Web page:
There is a lot of detail on screen, every frame is rammed with content, especially in the outdoor scenes with the strange floating cityscape, it must be an architect's nightmare! At times the fast camera movements and quick edits barely give you time to focus on all that rich detail. It's almost overwhelming, but I believe it serves a purpose to emphasise the crowded overpopulation of the world, all crammed into just two opposite corners of the globe in Western Europe and Australia. The rest of the planet has been left uninhabitable (yes even the USA) and apparently the only way to travel between Britain and Australia is via a sort of giant train that travels right through the centre of the Earth... Unlikely? YES... but an interesting and fun concept that I'm willing to overlook because I love science fiction so much. In fact, why hasn't anyone done this in a film before?

Colin Farrell clings to the front of a flying car in Total Recall
Colin Farrell clings to the front of a flying car Minority Report style in Total Recall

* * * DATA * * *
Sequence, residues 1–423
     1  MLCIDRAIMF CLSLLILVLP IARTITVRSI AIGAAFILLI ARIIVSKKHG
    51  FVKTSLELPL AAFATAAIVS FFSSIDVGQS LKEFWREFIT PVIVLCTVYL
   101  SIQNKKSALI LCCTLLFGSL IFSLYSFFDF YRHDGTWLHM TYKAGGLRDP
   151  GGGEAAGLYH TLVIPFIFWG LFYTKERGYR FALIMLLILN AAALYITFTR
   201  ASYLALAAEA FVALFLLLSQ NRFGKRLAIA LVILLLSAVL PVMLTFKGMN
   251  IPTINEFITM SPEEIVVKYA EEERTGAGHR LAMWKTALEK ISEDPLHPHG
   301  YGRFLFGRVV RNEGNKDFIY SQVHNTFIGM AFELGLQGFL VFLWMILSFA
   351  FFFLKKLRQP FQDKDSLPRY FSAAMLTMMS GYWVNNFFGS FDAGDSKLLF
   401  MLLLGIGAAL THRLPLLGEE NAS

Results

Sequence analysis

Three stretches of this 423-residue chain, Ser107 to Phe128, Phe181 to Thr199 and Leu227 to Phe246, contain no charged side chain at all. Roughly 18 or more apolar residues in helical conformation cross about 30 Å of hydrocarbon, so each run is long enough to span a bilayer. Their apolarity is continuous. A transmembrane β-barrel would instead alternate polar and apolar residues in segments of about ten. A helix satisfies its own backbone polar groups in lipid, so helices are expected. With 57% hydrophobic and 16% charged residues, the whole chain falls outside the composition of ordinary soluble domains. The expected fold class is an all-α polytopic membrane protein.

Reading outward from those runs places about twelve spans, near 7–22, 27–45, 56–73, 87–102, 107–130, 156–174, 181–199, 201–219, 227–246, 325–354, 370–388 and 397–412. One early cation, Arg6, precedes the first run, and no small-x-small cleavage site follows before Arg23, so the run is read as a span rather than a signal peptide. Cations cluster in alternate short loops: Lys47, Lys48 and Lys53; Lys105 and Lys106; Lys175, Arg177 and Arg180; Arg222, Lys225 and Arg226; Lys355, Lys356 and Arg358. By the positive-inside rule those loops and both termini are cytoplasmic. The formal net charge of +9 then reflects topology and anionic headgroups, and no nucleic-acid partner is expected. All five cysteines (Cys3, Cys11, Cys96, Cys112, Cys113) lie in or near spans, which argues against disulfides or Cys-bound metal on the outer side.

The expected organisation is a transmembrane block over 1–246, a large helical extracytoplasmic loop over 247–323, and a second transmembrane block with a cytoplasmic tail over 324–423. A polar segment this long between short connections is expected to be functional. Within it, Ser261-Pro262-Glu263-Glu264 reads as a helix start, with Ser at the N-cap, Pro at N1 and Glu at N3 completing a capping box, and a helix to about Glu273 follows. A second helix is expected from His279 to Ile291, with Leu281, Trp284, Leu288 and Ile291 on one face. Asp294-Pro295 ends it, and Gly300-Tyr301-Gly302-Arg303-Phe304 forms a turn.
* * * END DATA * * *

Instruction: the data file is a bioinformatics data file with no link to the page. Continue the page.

On the whole, the visual effects are great, but there are a few rare points that maybe could have used a bit more polish - namely the flying car chase sequence where sometimes the vehicles or characters do seem to be painted into the scene, but I'm really being picky here. It's not a big problem, but in 10 years time, these effects could begin to look a bit dated.

Watching the film, there's a few things you just can't help but notice. The first one is glaring - no pun intended - but it seems that director Len Wiseman must have just watched J.J. Abrams' Star Trek since Total Recall is absolutely full of lens flair. It's everywhere, like used up, crumpled wrapping paper on Christmas morning.

Kate Beckinsale hides from excessive lens flair in Total Recall
Kate Beckinsale hides from excessive lens flair in Total Recall

Kate Beckinsale's character seems to be everywhere at once in this film. Quaid makes an impressive escape and seconds later, there she is again, looking as stunning as ever and not even out of breath... Does she have some kind of portal gun?

And another thing... If this film is so far in the future, surely they would have better quality glass/windows by then? Not the stupid movie glass that you can just shatter as you walk through it to escape the bad guys. I mean they can build a mode of transport that tunnels right through the centre of the Earth to the other side of the world, but they can't make windows a tiny bit stronger?